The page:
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Funding tech: an IPO is not the only way

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Modern tech businesses are often mature, profitable companies by the time they come to list on the market. Is there merit in getting onto their growth curve earlier?

Funding tech companies

Too late to invest?

Last week’s Sunday Times interview with James Anderson, manager of the Scottish Mortgage Investment Trust, makes a point that by the time tech stars come to list on the market, many are ten years old and much of the gain in their value has been made.

Why is that? Instead of floating within the first five years like they would have done a decade ago, future tech stars, while they are still small, more and more frequently opt for raising funds privately instead of via flotations. It is often the smart play for tech companies whose costs are relatively low and can be covered by investors rather than via an IPO.

Why stay private?

While not every tech start-up aspires to be the next unicorn in the market (‘unicorn’ being the label for privately held start-up companies valued at over $1 billion – think Airbnb, SpaceX and Ola Cabs), decisions as to sources of funding for growth are equally relevant. With the increase in funding streams, tech businesses that do aspire to list on the stock exchange are frequently able to do so later.

Conversely, maintaining private company status for as long as possible can facilitate businesses’ longer-term decision making, as they are not obliged to report every 13 weeks to the stock market and so are less concerned by short-term impacts of decision making and share price volatility. Anderson references Spotify, the streaming giant into which his fund invested back in 2015: “The owner said to us, ‘How could I build this business if it were a public company? We are taking on piracy, competing with giants such as Amazon and Google and taking on the entire music industry. You can’t do that if you’re worrying about profits and reporting on your progress every 13 weeks.’ ”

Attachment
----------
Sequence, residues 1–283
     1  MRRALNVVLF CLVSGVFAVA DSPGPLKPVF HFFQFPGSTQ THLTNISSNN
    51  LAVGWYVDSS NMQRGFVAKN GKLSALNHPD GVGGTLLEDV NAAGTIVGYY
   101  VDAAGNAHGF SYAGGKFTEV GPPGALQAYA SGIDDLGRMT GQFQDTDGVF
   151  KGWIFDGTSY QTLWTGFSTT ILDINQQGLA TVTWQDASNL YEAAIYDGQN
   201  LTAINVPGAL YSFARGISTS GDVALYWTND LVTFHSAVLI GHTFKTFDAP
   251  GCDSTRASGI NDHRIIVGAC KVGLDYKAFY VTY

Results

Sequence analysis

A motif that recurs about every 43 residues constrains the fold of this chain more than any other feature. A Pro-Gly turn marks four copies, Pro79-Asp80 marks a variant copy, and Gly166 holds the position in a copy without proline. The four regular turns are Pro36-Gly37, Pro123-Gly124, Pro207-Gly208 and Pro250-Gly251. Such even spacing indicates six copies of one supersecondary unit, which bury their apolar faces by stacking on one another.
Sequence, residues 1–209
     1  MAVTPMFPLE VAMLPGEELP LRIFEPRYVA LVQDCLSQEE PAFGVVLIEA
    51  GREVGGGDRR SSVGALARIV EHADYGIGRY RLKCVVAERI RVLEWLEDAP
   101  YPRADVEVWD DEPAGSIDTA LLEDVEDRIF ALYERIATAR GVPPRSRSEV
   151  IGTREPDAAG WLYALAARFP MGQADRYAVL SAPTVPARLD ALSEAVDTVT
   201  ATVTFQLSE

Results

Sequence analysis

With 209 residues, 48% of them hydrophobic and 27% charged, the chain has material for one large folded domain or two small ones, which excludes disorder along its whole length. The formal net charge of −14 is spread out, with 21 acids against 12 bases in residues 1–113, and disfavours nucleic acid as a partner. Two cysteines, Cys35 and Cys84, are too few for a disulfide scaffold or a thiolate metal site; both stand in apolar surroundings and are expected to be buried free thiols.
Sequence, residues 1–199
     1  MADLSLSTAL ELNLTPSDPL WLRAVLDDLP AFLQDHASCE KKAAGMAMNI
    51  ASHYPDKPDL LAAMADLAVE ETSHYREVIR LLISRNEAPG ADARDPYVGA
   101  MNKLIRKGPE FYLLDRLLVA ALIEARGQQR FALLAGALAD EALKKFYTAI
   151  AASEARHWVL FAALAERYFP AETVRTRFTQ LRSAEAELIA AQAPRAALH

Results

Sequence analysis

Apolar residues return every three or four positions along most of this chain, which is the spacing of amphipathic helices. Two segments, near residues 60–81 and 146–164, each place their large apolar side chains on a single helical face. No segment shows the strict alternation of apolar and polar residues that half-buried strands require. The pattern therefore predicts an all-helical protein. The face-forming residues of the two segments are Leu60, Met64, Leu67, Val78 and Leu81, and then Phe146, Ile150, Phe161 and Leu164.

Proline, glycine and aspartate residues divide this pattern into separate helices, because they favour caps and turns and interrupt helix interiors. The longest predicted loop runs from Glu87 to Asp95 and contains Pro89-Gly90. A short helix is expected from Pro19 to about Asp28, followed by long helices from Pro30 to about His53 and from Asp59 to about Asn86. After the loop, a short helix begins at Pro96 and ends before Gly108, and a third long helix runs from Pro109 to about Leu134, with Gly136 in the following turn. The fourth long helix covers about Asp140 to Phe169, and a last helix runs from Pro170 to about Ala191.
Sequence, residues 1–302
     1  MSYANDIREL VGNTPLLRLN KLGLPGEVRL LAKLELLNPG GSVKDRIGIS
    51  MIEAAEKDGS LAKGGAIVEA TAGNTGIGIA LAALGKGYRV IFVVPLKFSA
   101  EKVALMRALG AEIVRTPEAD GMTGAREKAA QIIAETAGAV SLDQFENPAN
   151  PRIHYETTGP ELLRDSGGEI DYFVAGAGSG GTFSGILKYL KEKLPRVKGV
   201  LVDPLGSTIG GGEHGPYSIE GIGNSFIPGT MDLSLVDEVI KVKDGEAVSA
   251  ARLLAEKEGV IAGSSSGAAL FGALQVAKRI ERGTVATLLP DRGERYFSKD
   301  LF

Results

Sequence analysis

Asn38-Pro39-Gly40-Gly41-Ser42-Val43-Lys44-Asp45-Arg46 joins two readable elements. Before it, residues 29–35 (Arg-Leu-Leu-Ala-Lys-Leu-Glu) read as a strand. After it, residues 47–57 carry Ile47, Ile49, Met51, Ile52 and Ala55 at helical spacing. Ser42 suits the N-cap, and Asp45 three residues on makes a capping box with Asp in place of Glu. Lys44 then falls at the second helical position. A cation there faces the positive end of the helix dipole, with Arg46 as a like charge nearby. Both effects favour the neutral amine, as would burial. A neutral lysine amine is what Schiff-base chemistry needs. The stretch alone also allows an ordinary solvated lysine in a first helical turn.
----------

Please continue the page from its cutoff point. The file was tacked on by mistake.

In the hunt for better returns for investors, Anderson explained that he sought the board’s permission to invest a material proportion of the Trust’s £7.8bn of assets into unlisted companies. Decisions such as this one have supported the development of funding options for private companies without the need to float.

With smart investors such as Anderson backing unlisted companies, the future looks bright for tech start-ups. The only trick is to come up with the next Airbnb, Deliveroo or Uber (this one private for only another week – link to Uber article). Easy?

At Royds Withy King, we frequently advise tech companies on the legal aspects of funding arrangements, ranging from debt finance to private equity and venture capital investments. We see companies at different stages, too: some will seek funding while they are still pre-revenue, early in their development. More established, often profitable businesses will seek investment to accelerate their growth; and those with higher product development and innovation costs or considering strategic acquisitions will consider a longer term strategy towards flotations on the stock market.

For more information regarding funding options for growth contact James Worrall or another member of our Corporate team:

01225 730 170     Email

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